Given the fact that you’re a songwriter telling stories and crafting specific moods and narratives, have there been times you thought a remix has violated the intentions of the song?

Most remixers have come to the table with an understanding of the specifics of my projects, respecting the fact that I’m a songwriter. They’ll often have to completely reconstruct a record when there’s not a real song there — they’re trying to make something out of something that doesn’t exist. When you’re giving them more than enough to work with, they usually do a pretty good job of keeping the song intact, but doing what they need to for specific dance floors.

 

How were you able to write with [former LaBelle member] Nona Hendryx?

Nona was [Naté’s manager] Bill Coleman’s idea. There were songs that I’d written but wasn’t quite happy with. He’d shop them to other writers and have them take a listen. He sent some stuff to Nona — she liked a couple of songs and did additional writing on them. That was probably the scariest out of all the collaborations, because Nona Hendryx is legendary. And she’s still absolutely gorgeous, still working and doing her thing. Those are the kinds of people I idolize, because they’re great examples that you can find longevity in the business and make music that you want to make. She was very cool, very chill.

 

When you just said that Hendryx is “legendary,” it made me think of your gay fans and how there’s an incredible gay — almost drag-queen — sensibility in some of your work. “10,000 Screaming Faggots” is clearly your nod to your queer fan base, and the title track to One Woman’s Insanity is like a drag queen on crack.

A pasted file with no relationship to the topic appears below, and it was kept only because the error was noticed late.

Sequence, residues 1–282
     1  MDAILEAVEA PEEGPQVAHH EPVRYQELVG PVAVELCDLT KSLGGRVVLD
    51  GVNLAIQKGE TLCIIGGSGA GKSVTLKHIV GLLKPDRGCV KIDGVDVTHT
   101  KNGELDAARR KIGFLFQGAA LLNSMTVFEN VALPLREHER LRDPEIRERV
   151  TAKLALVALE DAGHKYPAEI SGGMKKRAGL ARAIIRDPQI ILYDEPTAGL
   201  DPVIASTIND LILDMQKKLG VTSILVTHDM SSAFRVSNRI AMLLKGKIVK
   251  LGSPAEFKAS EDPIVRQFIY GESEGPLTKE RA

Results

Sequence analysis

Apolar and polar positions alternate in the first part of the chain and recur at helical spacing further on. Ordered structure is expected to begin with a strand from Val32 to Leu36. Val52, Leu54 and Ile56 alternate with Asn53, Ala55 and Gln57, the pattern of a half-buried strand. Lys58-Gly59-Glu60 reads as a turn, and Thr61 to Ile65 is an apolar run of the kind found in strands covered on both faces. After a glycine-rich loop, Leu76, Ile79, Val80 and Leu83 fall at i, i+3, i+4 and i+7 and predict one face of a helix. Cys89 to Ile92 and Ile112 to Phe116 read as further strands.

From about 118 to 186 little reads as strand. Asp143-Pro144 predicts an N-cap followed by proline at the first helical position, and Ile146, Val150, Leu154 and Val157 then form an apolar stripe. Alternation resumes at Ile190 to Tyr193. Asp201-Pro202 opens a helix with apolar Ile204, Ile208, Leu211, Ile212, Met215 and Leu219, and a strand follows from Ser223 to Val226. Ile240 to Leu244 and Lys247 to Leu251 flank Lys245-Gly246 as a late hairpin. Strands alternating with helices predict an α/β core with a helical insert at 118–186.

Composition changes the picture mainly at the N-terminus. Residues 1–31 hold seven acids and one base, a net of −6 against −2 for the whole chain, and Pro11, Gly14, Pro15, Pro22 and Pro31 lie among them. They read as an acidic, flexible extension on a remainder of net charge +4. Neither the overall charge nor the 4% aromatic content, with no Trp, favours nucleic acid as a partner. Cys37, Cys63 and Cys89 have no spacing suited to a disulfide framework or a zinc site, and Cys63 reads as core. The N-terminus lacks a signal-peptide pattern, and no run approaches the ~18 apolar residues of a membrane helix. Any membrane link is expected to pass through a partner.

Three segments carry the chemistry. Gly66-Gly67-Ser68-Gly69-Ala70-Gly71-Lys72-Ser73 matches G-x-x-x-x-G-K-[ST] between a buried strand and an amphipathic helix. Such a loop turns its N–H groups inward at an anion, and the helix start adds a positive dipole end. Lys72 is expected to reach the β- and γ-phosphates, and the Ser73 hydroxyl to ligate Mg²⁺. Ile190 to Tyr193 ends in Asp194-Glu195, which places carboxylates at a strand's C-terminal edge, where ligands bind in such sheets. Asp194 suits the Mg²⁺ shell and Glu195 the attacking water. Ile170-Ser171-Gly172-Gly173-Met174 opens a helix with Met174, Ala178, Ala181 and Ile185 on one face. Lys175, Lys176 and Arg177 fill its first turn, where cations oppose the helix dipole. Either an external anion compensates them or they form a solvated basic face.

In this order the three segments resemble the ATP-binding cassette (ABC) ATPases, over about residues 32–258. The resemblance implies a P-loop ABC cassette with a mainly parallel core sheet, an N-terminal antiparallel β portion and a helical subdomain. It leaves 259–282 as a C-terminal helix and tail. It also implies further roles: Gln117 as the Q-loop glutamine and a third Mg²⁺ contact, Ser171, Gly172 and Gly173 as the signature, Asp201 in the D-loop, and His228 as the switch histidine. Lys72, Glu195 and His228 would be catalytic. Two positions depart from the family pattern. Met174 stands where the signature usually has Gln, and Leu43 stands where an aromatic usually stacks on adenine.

A lot of people I’ve worked with over the years are from the gay community, so they had a big influence on my sensibilities. I love that they’re not afraid to be themselves, or to be someone other than themselves and still be all right about it. That’s really what being creative is all about, being yourself to the nth degree, or being something that’s completely not yourself — if that makes any sense.

 

It makes perfect sense. How about Lenny?

Lenny Kravitz! Well, that union was also because of Bill. He and Lenny have been friends for a million years, along with Lenny’s cousin Jerry DeVeaux. They’re all from the same area and grew up together. Jerry — who was executive producer on Angie Stone’s solo project — and I wrote “Desire” and “Pretender,” then both he and Bill asked Lenny if he’d do some guitar work on the album. He agreed because he really liked “Pretender” and we’d met and developed a really cool rapport. We did the track in L.A., and by the time I got there from New York, he’d finished all his guitar work, and he started coming up with all these additional harmonies, extra arrangements. So we were just like, “You know what, Lenny? Why don’t you just come in here and do ’em yourself?” And he did. He sang on the track as well. A lot of people are surprised, because he’s so known for his rock stuff — how could he have such a cool dance sensibility? To me, they’re not so far removed from one another.

 

This is such an adult record, the way you deal with sex and romance, love and lust — the differences between and definitions of both.

Yes, and you can’t know all those things if you’re only 12. And I hope we can prove that it’s not only teenyboppers who are buying records. That’s been a bit of a challenge. When I turned this record in [to the label], everyone was saying, “Oh, kids aren’t gonna get it, it’s way over their heads.” But I can only do what I do. I can only write based on who I am, what I’ve done, and what my experiences and perspectives are. You can’t ask me to write songs from a 9-year-old’s perspective. There are still people out there who understand and appreciate music that has more meat to it than just, you know, “Hit me baby one more time.”